11 JANUARY 2016
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A project to cut aircraft holding times at Heathrow Airport has been so successful that the trial procedure has now entered permanent operational service.
Known as cross-border arrivals management – or XMAN – the procedure sees NATS air traffic controllers in the UK working with those in the surrounding airspace in France, Ireland, Belgium and the Netherlands to slow aircraft down up to 350 miles away from London in order to minimise holding times on arrival.
Since April 2014 NATS has recorded a reduction of up to a minute in holding times for those aircraft influenced by the trial. This equates to annual savings of 8,000 tonnes of CO2 and £1.65m in fuel, as well as a reduction in noise for communities beneath the holding stacks.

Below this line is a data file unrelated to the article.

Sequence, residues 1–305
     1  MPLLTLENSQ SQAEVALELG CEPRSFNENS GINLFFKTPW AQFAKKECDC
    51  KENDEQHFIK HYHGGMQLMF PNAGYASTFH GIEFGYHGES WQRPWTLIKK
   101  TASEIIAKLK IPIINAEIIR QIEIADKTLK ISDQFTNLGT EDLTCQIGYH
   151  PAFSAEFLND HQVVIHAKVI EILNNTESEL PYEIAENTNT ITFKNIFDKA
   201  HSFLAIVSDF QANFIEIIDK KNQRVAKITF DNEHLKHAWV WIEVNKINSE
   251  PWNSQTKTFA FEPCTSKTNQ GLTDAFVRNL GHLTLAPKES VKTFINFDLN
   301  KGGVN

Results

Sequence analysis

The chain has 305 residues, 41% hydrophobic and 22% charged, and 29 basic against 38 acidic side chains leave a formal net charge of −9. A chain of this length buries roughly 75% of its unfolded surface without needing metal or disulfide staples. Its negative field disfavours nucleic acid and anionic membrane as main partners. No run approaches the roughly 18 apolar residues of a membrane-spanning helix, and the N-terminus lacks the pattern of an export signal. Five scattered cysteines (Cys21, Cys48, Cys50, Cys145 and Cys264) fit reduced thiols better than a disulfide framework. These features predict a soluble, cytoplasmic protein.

Heathrow is scheduled to 98% capacity and relies on the continuous flow of traffic that the stacks provide, although NATS always aims to minimise the amount of time aircraft spend in them. Traditionally, NATS could only influence an aircraft’s approach once it entered UK airspace, which can be only 80 miles from the airport. This previously limited the chance to manage the inbound flow of traffic. www.nats.aero
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